I spent 12 hours in Los Angeles this weekend and made a pit stop at LACMA to visit some of my favorite paintings. The contemporary art exhibition space at the museum is very dimly lit, creating an environment that is very different from your typical “white wall” contemporary art museum. Aside from the dramatic effect, this method of display creates a intimate space where each piece seems to have its own unique magnetism.
One of my favorites, which certainly has this affect, is Clyfford Still’s PH-143 (1955-H). I matched the piece with this beautiful Tomas Maier dress, which seems to perfectly mimic the palette and the brush strokes in the painting.
A big thank you to Je’Jae Daniels (Mx. Enigma), who so kindly helped a stranger out and took this amazing image for me!
This has been such an exciting month at the gallery. We’re featuring Micah Crandall-Bear’s new work in a one-man show called Telluric, which includes abstracted landscapes. Defined by varying levels of intensity, Micah’s palette reflects the emotive possibilities of the color spectrum. Many of the featured paintings show restraint through soft palettes and calm compositions, while others revel in bold, impactful hues, which seem to reverberate through the depth of the canvas.
As you’ve seen, I already did a match with the hot, saturated piece called Indio (seen here) so I figured I needed to head into the opposite end of the spectrum with this desaturated ombre match. The featured painting is called Karadeniz, which means “Black Sea” in Turkish. I love the stark contrast between the dark black portion of the painting and the light, cloud-filled sky. Together the opposing forces create a sense of tension, which is evened out by the strong, flat horizon line.
I paired this piece with this elegant Halston Heritage dress, which utilizes the ombre / dip-dye effect at the bottom. The dress is easy to wear and can be styled a few different ways. In this image I’m wearing it with the sleeves below my arms, but it can also be worn with the the sleeves over the arms, revealing the shoulders through peek-a-boo cut outs. The built in belt finishes off the dress and creates shape! Check out the look below:
I’ve had a lot of questions about my wavy hair routine lately so I thought I would do a little tutorial. If you have a bit of an existing natural wave in your hair this should be really easy. If your hair is stick straight, we can make it happen with a little extra effort.
If you have some natural wave:
The first step is to not comb your hair after your shower. I usually just run a comb through my hair while I have my conditioner in so that once I get out, I’m not left with super tangled hair! If you have the time, let it air dry. If you don’t have time, just lightly blow dry and try not to separate the sections of hair. You can lightly scrunch your hair as you’re blow drying to keep any natural wave from flattening out. I prefer the air dry method and have found that if I can put it up in a towel turban for awhile, typically the drying process is really fast once I take it off.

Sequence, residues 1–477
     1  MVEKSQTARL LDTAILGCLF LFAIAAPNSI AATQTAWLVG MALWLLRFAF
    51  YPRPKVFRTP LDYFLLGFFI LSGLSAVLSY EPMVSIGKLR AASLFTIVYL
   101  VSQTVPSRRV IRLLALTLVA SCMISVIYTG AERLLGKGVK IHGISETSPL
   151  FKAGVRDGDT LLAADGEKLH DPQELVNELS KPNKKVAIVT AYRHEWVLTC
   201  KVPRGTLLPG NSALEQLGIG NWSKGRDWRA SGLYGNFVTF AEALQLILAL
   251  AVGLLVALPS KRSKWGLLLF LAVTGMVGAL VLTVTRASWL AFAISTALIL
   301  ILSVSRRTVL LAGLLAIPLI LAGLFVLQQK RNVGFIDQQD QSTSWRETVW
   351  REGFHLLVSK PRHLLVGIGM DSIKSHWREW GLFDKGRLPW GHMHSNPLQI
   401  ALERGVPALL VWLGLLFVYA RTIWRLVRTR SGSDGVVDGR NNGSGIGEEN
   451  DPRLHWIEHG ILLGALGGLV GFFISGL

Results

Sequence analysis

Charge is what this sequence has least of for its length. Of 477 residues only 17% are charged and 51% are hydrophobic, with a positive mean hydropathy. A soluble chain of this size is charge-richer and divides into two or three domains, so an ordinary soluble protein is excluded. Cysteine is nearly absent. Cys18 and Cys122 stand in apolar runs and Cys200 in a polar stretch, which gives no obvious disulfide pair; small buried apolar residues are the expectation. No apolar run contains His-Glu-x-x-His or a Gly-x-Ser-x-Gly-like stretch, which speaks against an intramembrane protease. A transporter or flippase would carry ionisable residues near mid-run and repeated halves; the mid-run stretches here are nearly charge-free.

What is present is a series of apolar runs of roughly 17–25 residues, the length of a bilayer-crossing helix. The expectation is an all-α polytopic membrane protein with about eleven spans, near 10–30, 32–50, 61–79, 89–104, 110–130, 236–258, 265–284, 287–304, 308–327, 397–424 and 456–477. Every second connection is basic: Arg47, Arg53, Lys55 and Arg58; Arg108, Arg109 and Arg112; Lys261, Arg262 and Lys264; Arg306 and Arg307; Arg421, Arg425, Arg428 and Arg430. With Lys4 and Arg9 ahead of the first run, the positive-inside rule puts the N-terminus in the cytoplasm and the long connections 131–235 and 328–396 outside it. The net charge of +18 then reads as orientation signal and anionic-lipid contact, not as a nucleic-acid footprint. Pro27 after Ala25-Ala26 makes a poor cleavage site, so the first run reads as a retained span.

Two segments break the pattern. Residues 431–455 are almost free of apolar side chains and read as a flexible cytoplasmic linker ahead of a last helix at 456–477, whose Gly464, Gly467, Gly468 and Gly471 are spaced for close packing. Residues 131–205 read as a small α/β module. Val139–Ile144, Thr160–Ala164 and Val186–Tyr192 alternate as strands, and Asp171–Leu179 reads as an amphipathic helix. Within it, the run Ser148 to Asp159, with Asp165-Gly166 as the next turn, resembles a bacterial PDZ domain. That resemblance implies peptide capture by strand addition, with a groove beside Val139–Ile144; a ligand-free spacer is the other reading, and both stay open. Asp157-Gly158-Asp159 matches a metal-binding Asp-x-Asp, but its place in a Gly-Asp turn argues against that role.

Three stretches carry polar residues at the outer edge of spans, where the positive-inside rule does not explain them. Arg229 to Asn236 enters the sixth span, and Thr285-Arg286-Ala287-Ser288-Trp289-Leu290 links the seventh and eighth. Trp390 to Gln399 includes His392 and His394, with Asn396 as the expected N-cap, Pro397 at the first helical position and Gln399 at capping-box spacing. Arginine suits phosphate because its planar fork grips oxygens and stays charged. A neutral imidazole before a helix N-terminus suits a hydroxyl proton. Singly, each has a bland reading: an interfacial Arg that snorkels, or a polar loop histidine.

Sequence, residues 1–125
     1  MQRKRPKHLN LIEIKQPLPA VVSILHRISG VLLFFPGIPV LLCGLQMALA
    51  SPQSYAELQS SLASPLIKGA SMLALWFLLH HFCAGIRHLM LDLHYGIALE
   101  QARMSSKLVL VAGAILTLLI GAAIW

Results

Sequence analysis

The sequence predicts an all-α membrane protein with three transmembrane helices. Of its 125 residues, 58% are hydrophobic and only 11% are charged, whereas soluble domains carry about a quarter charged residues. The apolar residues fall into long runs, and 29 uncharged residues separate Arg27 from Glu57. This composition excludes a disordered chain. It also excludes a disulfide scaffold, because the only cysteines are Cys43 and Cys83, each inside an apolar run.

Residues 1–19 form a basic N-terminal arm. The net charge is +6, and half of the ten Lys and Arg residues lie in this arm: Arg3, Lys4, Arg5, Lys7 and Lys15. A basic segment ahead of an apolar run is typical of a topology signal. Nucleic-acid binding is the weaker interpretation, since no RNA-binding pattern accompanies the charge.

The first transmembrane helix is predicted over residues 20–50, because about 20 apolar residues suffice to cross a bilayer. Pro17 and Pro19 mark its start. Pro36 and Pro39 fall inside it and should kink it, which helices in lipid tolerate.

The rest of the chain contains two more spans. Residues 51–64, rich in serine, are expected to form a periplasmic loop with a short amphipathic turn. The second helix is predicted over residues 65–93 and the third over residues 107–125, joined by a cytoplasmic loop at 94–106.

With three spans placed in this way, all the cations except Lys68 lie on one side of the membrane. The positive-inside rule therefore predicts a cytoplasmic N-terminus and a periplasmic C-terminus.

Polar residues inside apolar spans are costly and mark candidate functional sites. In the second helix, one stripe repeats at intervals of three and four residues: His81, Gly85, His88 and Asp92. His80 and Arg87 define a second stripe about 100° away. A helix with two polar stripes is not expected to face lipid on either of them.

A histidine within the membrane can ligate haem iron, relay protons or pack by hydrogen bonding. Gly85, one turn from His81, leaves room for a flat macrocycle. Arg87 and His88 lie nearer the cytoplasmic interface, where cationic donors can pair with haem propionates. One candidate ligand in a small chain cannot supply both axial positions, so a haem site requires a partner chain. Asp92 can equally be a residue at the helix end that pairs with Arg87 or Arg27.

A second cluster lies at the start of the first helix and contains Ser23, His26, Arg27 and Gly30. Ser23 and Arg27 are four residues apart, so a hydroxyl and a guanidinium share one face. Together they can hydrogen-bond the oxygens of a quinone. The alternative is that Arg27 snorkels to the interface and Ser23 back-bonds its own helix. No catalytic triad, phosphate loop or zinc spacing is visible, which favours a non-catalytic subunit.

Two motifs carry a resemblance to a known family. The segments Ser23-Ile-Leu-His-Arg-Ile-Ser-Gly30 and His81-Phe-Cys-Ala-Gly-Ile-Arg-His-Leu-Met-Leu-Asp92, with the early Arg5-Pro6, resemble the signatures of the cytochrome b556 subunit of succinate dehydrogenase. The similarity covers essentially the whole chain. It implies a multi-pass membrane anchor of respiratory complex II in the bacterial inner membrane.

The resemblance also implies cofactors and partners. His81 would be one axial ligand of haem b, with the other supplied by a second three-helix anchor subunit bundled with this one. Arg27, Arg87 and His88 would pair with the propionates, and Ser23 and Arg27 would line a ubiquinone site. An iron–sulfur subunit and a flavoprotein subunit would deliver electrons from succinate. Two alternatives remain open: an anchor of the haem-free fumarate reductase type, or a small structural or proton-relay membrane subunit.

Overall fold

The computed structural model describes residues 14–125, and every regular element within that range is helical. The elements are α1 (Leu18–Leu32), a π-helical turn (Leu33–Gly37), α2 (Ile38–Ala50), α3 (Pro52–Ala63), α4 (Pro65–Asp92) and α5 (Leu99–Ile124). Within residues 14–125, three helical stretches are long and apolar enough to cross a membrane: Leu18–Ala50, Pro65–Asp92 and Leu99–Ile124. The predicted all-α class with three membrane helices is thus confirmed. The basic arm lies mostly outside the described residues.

At this point your hair should be dry and if it’s messy, that’s not a problem! Start by spraying the surf spray through your hair. You’ll want to mist it over your hair, applying straight on and from the bottom so that the ends are covered. This application is really inexact but make sure you aren’t drenching your hair in the product because it will become sticky rather than soft.
From there you’ll use the Oribe Dry Texturizing spray. I typically part my hair 2/3 up on each side of my head and lightly spray the roots to lift the hair. I will then do this on the back of my hair to give a little more ooomph. To finish, I spray the left and right front bottom portions of my hair to add a little more volume to the waves.
If you feel like some of the “clumps” are awkwardly straight in areas, just use a curling iron to get them looking like the rest of your hair. I would use a wand or just the barrel of the iron to create a wave rather than your typical ringlet curl.
If your hair is straight without a lot of wave:
Using a wand or the barrel of a 1.5 inch iron, create waves through out your hair. They don’t have to be perfect! From there apply the surf spray as mentioned above, careful not to use too much. Once the hair is covered in the product, the waves should stay separated and from there you can add the texturizing spray.
I’ll add pictures with directions soon so it isn’t so ambiguous! 🙂
First things first – I love this popsicle painting by Jeanne Vadeboncoeur. It’s one of my favorite pieces in the entire gallery. From the subject to the the artist’s interpretation of it, I really love the graphic quality of the piece and its homage to pop art. There is definitely a Wayne Thiebaud feel to the piece, too, so maybe that’s why I love it so much!
While browsing at my local Anthropologie recently, I came across this adorable shirt dress that is so fun and summery. The front waist tie is really cute and fun and the fit and flare is really flattering!